My disdain for government intervention in the marketplace just continues to grow, regardless of how hard I try to ignore it—like, for instance, scaling way back on my interaction with social media, as well as avoiding any and all sources of news—but after my recent exposure to the monopolized sick-care cartel that somehow passes as health care in the US, it’s difficult to continue ignoring.

It’s high time we end government control/regulation/licensure of healthcare and send the entire industry back into the free market (such as an Uber-style app for health care), and thus end the monopolized cartel that is the US healthcare industry.

I know, I know….stop dreaming, right? Well, at least it’s not illegal to dream (yet, anyway)….

The following was excerpted from pgs 40 – 41 of Undoctored: Why Health Care Has Failed You And How You Can Become Smarter Than Your Doctor by William Davis, MD (author of the Wheat Belly series). Read it and weep:


MORE BETTER HEALTH CARE 

“Time and time again, studies have demonstrated that more healthcare does not yield better health. One study of Medicare patients nationwide showed that the more healthcare people received in the form of procedures, hospitalizations, and specialist referrals, the worse they did in quality outcomes. This occurs even when the cost differential between lowest and highest is wide. Annual per capita Medicare spending was $3341 in Minneapolis, for example, but $8414 in Miami; but the less spent, the better the outcomes.(1) The four states with the highest Medicare spending – Louisiana, Texas, California, and Florida – rank the worst in quality. More healthcare translates into increased complications in more deaths, not more lives saved.

The research group at the Dartmouth Institute for Health Policy and Clinical Practice at Dartmouth College has been exploring this phenomenon, studying healthcare demographics and costs nation wide for three decades. Interestingly, the initial reactions to these efforts 30 years ago were critical, as everyone “knew” back then that of course healthcare was cost-effective and safe. But the many studies they have published over the years have repeatedly borne out the opposite: high-cost regions have 32% more hospital beds, 31% more physicians, 65% more medical specialists, 75% more general internists, and 29% more surgeons then low-cost regions, but outcomes are no better, often worse. Nationwide, the pattern was clear: the more money spent on healthcare, the higher the mortality rate, even after factoring in variation in health patterns across different regions.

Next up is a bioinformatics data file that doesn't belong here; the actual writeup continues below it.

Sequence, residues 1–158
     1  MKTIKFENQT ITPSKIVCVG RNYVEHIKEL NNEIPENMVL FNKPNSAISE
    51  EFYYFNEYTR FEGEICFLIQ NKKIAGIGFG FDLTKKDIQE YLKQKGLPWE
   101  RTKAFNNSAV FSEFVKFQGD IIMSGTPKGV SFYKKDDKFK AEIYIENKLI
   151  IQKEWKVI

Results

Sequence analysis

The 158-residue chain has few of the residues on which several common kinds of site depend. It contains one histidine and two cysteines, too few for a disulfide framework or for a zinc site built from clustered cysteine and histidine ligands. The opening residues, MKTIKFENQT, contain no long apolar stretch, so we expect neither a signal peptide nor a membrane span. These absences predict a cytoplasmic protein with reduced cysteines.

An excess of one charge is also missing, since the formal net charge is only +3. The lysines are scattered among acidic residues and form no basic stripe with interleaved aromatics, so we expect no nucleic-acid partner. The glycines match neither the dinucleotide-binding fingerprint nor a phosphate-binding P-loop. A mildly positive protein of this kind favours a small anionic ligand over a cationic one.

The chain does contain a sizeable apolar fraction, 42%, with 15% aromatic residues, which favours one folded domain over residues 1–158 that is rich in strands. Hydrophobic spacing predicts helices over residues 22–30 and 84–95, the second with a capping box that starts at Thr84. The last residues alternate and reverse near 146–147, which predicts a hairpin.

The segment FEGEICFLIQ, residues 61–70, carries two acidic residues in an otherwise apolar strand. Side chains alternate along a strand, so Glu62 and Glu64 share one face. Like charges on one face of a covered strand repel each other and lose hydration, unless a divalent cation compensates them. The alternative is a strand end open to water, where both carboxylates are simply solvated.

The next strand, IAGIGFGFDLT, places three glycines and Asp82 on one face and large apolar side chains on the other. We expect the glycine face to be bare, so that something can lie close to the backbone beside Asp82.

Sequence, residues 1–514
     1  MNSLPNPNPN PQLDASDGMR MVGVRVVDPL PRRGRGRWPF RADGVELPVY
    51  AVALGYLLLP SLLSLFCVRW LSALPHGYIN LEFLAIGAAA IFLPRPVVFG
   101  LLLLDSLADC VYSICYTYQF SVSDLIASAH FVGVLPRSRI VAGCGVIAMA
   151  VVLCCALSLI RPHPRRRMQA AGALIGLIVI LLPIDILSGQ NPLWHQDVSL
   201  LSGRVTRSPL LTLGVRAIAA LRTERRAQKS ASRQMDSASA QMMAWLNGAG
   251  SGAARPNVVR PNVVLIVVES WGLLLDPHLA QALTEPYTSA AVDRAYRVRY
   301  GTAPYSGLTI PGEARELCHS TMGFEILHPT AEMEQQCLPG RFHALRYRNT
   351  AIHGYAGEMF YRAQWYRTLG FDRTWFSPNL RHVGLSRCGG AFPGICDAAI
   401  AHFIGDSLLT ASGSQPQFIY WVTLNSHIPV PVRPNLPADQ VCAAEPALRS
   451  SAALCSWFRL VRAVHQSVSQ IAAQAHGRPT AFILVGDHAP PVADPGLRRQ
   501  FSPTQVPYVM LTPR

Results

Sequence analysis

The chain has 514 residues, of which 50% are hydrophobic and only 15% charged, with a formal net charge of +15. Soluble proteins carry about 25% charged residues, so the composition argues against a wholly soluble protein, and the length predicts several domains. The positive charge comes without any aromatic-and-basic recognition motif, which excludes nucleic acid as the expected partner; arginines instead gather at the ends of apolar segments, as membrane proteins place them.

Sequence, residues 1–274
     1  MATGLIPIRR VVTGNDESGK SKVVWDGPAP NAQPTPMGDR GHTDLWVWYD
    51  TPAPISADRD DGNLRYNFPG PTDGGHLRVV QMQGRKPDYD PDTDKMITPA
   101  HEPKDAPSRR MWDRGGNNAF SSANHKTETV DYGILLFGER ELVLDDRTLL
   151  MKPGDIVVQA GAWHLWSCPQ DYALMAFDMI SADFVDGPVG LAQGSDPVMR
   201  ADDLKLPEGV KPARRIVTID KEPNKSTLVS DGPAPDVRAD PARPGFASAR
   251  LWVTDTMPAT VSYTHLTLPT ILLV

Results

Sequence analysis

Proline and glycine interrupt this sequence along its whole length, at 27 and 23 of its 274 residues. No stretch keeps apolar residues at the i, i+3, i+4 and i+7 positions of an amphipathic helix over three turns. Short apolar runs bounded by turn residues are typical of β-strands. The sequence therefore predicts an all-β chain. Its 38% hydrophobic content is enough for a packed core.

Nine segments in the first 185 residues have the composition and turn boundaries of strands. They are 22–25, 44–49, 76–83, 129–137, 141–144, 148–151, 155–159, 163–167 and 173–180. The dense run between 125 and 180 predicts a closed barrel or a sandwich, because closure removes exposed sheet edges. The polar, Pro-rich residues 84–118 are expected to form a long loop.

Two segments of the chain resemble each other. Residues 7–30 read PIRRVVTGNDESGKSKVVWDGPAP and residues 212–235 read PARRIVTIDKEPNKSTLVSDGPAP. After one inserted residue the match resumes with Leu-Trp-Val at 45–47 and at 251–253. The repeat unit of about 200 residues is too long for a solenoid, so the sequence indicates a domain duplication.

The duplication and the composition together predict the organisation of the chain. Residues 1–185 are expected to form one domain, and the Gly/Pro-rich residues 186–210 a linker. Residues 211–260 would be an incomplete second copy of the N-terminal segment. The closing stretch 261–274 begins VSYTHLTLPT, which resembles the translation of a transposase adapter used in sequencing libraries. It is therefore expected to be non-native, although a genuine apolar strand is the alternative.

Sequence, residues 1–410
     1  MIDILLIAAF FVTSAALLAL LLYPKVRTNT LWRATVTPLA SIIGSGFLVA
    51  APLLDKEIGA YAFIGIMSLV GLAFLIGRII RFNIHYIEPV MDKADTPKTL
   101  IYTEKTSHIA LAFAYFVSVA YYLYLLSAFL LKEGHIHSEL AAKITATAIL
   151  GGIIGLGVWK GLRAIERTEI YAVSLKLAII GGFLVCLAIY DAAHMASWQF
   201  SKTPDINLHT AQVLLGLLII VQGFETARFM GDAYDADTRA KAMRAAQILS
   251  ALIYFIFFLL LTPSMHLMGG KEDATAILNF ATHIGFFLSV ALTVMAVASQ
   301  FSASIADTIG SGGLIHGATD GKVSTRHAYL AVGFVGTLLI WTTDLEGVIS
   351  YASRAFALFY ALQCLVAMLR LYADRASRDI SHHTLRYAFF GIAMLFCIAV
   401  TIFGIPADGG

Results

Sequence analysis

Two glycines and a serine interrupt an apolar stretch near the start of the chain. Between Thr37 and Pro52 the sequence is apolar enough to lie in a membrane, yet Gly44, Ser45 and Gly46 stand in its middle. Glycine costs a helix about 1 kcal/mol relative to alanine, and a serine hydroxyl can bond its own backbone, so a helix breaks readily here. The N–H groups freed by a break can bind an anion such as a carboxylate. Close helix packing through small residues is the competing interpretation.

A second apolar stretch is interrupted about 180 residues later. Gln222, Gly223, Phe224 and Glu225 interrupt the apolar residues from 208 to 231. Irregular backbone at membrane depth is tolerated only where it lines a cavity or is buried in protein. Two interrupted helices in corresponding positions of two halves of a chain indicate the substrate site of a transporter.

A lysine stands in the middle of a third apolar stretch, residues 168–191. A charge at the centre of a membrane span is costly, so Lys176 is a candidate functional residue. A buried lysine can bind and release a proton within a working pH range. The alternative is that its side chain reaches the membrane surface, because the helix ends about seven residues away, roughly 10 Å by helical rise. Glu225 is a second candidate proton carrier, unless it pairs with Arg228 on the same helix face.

Even though Americans spend twice as much on healthcare as other modern developed countries, we rank dead last in quality, outcomes, accessibility, and efficiency.(2) The common claim made from within healthcare that the United States has the finest healthcare system in the world is nonsense. We even ranked last among western economies in preventing deaths from treatable conditions, such as strokes, diabetes, high blood pressure, and treatable cancers. You can obtain better, more assessable, more efficient care in the UK, France, Germany, Sweden, and Switzerland, among others. All countries have to deal with growing health care cost, but none have to deal with extreme costs of US healthcare, which grows unrestrained, unchecked, and without any relationship to real costs.

We also can’t ignore the fact that more people die per year from complications of hospital procedures and errors, estimated at 400,000 annually, then from auto accidents.(3) Increasing access to healthcare thereby increases the proportion of people who die from complications. Yet the medical system works to grow the availability of specialists, fund more hospitals and clinics, and increase the number of profitable programs, such as heart care and cancer care. To them, more healthcare is more money. To you and me, more healthcare means more costs, more complications, more deaths, but most definitely not more better health.”


Notes:

(1) J. Skinner, E. S. Fisher, and J. E. Wennberg, “The Efficiency of Medicare,” in Analyses in the Economics of Aging, ed. D. A. Wise (Chicago: University of Chicago Press, 2005), 129-60

(2) K. Davis, K. Stremikis, D. Squires, and C. Schoen, Mirror, Mirror on the Wall, 2014 Update: How the U.S. Health Care System Compares Internationally, The Commonwealth Fund, June 16, 2014, commonwealthfund.org/publications/fund-reports/2014/jun/mirror-mirror

(3) J. T. James, “A New, Evidence-Based Estimate of Patient Harms Associated with Hospital Care,” Journal of Patient Safety 9, no. 3 (September 2013): 122-28.